Learn about some historic late night killings in the safety of daylight at Old State House

OSH logoAs part of the ongoing Brown Bag Lectures, today the Old State House Museum features “On the Hunt For the Texarkana Moonlight Phantom”

In 1946 a number of murders and assaults were committed late at night in and around Texarkana. The unknown killer was nicknamed by the press the “Moonlight Phantom.” Thirty years later, Arkansas filmmaker Charles B. Pierce loosely based his film The Town That Dreaded Sundown on these incidents. For a special Halloween edition of Brown Bag Lunch Lectures, Brian Irby of the Arkansas History Commission will talk about this spooky, unsettling case that has remained unsolved for almost 70 years.

It will take place starting at noon today at the Old State House Museum.

 

Little Rock Look Back: John Elliott Knight, LR’s 18th Mayor

Jno E Knight sigOn September 20, 1816, future Little Rock Mayor John Elliott Knight was born in Newburyport, Massachusetts. In 1843 he married Hannah Donnell in New York, and came to Little Rock that same year.

Knight was editor of the Arkansas Democrat from 1846 to 1850. He was also associated with the Arkansas Gazette and published the short-lived Chronicle. In 1851, Knight served as Mayor of Little Rock. In 1855, he served as a member of the City Council.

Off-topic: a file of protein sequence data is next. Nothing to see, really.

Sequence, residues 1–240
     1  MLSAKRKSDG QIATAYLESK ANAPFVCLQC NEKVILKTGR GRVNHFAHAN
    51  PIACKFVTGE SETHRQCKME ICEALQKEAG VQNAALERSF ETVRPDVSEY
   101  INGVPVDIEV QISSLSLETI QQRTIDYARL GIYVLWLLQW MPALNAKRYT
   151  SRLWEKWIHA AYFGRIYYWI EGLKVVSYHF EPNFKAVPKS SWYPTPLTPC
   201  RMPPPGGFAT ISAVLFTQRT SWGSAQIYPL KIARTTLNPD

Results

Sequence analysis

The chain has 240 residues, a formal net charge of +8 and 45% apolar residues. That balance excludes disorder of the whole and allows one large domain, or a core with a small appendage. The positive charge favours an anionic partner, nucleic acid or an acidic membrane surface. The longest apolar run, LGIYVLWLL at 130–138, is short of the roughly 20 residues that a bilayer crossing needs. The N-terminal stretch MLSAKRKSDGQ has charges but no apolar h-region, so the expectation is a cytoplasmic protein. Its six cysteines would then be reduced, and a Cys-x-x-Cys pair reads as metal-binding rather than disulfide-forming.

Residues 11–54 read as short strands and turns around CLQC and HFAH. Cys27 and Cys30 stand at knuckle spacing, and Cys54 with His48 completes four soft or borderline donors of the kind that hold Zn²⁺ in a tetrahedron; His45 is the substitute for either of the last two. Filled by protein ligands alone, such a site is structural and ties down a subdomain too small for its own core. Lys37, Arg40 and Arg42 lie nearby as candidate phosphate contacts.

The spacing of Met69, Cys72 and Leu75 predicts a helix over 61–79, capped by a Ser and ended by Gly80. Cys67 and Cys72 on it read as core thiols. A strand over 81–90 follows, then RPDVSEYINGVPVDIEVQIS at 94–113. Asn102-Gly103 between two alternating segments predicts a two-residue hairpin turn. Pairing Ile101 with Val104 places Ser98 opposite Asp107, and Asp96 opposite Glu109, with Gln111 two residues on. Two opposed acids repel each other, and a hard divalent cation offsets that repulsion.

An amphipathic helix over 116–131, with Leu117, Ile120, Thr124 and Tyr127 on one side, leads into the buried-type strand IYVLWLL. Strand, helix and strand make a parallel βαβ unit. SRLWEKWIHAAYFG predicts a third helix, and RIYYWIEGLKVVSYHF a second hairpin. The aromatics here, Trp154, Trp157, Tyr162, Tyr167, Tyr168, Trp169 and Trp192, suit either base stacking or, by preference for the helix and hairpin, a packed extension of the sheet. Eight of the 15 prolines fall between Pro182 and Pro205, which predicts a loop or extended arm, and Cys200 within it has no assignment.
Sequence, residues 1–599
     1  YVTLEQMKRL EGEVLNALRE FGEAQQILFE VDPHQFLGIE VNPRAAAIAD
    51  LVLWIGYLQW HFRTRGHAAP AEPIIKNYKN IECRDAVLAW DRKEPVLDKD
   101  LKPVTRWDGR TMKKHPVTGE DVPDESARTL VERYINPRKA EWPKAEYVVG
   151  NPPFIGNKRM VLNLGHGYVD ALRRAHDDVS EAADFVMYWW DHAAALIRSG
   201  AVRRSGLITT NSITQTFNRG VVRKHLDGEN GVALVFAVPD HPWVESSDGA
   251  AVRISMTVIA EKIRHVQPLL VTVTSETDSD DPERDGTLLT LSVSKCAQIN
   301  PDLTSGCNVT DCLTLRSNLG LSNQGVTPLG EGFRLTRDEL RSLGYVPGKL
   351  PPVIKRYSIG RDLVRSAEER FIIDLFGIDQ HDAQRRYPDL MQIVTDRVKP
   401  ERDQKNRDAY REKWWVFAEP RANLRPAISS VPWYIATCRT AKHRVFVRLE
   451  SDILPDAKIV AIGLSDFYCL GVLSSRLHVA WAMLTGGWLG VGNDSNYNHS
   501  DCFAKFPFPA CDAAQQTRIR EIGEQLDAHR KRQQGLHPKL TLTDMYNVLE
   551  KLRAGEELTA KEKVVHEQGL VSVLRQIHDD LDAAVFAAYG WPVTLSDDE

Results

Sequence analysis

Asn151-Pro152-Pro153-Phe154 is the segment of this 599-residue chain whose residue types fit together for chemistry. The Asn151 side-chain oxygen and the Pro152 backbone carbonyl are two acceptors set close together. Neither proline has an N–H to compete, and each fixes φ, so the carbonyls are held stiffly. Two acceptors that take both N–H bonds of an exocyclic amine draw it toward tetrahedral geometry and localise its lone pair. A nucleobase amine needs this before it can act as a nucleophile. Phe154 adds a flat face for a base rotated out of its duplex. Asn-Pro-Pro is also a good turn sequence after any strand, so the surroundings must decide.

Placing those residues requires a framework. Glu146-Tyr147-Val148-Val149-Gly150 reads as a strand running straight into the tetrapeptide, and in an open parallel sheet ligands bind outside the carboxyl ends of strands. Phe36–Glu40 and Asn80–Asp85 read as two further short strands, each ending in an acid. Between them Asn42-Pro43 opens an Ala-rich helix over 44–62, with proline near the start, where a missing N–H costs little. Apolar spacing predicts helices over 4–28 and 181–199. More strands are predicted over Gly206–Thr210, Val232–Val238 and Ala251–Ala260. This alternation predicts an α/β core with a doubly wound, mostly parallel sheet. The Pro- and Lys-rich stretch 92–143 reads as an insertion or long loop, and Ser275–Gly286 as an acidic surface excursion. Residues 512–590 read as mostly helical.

In 1858 a song was published entitled “I Am Near to Thee” which featured music by Arkansan Benjamin Scull and lyrics by Knight.  The song was dedicated to Mary Woodruff.

During the Civil War, he served as a Colonel.  During the 1850, 1860 and 1880 census, he was listed as an attorney.

He had one daughter, Elizabeth Knight, who married James S. Pollock, a banker in Little Rock. Knight died in Little Rock, Arkansas, on October 28, 1901, and was buried in Mount Holly Cemetery. Elizabeth Knight Pollock died in 1910.

As an attorney and newspaper editor, John E. Knight collected documents about the settlement of Little Rock. Those papers are now part of a collection at the Arkansas History Commission.  The majority of these papers are from William Russell to Chester Ashley, pertaining to pre-emption claims in and around Little Rock. Other material concerns the 1819-1822 dispute related to the the New Madrid Certificate and pre-emption claims of James Bryant, Stephen F. Austin, and William M. O’Hara.

Vintage Military Vehicles on display by MacArthur Museum of Arkansas Military History

vintagevehicleThe MacArthur Museum of Arkansas Military History is hosting its 2nd annual vintage military vehicle show on the museum’s front lawn in MacArthur Park.

The event will feature Jeeps and other vehicles from members of the Arkansas Military Vehicle Preservation Association.

To commemorate the 100th anniversary of the start of World War I, Brian Irby, Archival Assistant at the Arkansas History Commission, will present a program on Camp Pike at 1:00 p.m. inside the museum.

The vehicles will be on display from 9am to 3pm.

 

Little Rock Look Back: Mayor John Elliott Knight

Jno E Knight sigOn September 20, 1816, future Little Rock Mayor John Elliott Knight was born in Newburyport, Massachusetts. In 1843 he married Hannah Donnell in New York, and came to Little Rock that same year.

Knight was editor of the Arkansas Democrat from 1846 to 1850. He was also associated with the Arkansas Gazette and published the short-lived Chronicle. In 1851, Knight served as Mayor of Little Rock. In 1855, he served as a member of the City Council.